Today’s Labor History july 31

July 31: Members of the National Football League Players Association begin what is to be a 2-day strike, their first. The issues: pay, pensions, the right to arbitration and the right to have agents (1970); Fifty-day baseball strike ends (1981); The Great Shipyard Strike of 1999 ends after Steelworkers at Newport News Shipbuilding ratify a breakthrough agreement which nearly doubles pensions, increases security, ends inequality, and provides the highest wage increases in company and industry history to nearly 10,000 workers at the yard. The strike lasted 15 weeks (1999). 
August 01: After organizing a strike of metal miners against the Anaconda Company, Wobbly organizer Frank Little is dragged by six masked men from his Butte, MT., hotel room and hung from the Milwaukee Railroad trestle. Years later writer Dashiell Hammett would recall his early days as a Pinkerton detective agency operative and recount how a mine company representative offered him $5,000 to kill Little. Hammett says he quit the business that night (1917); Sid Hatfield, police chief of Matewan, W. Va., a longtime supporter of the United Mine Workers union, is murdered by company goons. This soon led to the Battle of Blair Mountain, a labor uprising also referred to as the Red Neck War (1921); Police in Hilo, Hawaii, open fire on 200 demonstrators supporting striking waterfront workers. The attack became known as “the Hilo Massacre” (1938); A 17-day, company-instigated wildcat strike in Philadelphia tries to bar eight African-American trolley operators from working. Transport Workers Union members stay on the job in support of the men (1944).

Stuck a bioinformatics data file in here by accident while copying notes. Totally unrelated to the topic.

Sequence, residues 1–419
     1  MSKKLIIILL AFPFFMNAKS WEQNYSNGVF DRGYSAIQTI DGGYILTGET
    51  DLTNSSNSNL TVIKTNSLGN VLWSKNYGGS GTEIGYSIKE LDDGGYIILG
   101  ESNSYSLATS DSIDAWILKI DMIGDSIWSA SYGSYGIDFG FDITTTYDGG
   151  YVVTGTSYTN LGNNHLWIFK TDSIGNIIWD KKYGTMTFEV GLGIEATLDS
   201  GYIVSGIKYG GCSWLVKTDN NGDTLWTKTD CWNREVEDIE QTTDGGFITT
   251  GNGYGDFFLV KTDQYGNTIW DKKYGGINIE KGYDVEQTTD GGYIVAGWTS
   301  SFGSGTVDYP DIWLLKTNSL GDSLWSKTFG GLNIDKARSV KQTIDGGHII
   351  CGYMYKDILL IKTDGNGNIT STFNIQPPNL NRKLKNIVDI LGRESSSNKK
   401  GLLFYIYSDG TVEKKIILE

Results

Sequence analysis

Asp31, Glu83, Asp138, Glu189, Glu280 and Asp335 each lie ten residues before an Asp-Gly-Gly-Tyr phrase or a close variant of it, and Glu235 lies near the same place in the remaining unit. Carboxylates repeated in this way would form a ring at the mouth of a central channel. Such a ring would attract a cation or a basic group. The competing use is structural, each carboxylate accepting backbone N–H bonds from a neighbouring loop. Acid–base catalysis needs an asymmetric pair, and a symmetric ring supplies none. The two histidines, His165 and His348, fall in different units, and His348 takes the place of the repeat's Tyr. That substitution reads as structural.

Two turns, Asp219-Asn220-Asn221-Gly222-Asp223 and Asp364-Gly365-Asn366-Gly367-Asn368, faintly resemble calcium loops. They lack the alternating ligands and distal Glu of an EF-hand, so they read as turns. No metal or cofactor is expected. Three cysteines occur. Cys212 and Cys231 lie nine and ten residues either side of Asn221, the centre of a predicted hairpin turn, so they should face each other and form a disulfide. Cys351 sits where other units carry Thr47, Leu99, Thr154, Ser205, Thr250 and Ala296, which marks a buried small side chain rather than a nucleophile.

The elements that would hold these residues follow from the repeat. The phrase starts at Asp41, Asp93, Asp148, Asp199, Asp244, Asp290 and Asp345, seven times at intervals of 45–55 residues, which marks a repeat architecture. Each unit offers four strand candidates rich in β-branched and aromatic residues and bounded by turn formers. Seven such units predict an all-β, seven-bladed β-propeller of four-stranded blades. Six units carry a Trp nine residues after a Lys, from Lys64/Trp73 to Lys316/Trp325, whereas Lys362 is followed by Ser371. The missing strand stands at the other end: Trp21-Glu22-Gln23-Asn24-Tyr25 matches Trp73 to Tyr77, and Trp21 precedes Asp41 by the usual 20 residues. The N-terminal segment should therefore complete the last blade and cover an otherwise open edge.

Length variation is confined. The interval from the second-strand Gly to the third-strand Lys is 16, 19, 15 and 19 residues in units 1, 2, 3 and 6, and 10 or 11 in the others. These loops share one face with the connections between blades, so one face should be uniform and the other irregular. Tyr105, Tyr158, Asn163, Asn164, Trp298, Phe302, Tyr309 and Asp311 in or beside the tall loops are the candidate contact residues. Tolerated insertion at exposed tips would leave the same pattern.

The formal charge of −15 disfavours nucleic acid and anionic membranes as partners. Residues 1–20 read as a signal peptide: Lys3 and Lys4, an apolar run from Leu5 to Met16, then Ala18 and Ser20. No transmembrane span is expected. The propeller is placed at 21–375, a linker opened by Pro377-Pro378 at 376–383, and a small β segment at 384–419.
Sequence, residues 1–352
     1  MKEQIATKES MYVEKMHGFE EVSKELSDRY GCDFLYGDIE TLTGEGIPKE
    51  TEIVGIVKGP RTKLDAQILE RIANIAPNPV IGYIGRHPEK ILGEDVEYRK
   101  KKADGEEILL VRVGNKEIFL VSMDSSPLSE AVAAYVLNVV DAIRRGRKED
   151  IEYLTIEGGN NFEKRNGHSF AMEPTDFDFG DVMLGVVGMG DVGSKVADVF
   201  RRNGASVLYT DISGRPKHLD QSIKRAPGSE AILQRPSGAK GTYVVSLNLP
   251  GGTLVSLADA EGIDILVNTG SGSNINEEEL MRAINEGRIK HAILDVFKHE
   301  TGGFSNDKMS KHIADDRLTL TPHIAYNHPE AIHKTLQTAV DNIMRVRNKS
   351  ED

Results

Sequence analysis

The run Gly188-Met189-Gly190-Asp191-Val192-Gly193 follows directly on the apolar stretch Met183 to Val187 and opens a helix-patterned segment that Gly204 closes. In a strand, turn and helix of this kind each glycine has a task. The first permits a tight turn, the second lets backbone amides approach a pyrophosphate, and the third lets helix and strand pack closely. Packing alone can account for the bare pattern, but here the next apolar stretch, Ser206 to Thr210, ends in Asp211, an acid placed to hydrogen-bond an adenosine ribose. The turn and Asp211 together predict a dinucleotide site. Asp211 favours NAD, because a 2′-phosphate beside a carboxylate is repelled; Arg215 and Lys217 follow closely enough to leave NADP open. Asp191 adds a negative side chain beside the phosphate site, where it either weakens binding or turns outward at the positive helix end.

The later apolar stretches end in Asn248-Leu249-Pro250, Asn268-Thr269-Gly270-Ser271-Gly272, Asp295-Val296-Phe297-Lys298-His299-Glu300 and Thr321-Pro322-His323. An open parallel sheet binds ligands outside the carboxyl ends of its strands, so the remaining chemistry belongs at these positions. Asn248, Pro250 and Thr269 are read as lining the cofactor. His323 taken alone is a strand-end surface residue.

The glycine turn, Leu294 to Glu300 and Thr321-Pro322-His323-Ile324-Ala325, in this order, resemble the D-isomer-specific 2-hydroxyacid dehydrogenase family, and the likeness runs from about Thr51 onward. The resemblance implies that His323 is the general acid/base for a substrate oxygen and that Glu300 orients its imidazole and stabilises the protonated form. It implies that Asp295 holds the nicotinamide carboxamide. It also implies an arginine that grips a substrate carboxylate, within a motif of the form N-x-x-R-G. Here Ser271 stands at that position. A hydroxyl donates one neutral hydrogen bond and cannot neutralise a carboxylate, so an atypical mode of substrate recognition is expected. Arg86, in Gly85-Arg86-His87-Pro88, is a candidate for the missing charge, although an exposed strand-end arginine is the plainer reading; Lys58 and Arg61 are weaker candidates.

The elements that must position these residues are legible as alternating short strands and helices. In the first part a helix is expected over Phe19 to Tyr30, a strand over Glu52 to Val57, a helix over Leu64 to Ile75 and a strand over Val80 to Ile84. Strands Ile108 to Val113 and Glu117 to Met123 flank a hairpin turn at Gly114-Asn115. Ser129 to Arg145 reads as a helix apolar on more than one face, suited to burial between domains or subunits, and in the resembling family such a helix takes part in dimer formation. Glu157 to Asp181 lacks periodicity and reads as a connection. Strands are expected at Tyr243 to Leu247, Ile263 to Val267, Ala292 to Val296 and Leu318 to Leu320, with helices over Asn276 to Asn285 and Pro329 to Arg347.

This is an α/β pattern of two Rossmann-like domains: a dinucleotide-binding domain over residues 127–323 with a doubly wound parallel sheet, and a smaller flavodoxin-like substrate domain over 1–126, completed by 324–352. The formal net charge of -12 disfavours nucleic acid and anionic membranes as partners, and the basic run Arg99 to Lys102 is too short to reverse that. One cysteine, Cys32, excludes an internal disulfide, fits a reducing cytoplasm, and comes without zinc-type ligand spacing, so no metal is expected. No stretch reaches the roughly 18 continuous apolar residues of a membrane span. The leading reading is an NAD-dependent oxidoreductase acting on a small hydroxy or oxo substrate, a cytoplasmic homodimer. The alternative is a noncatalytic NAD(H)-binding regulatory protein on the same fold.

Complete labor history postings, plus more info & ammo for unionists is available online from Union Communication Services.

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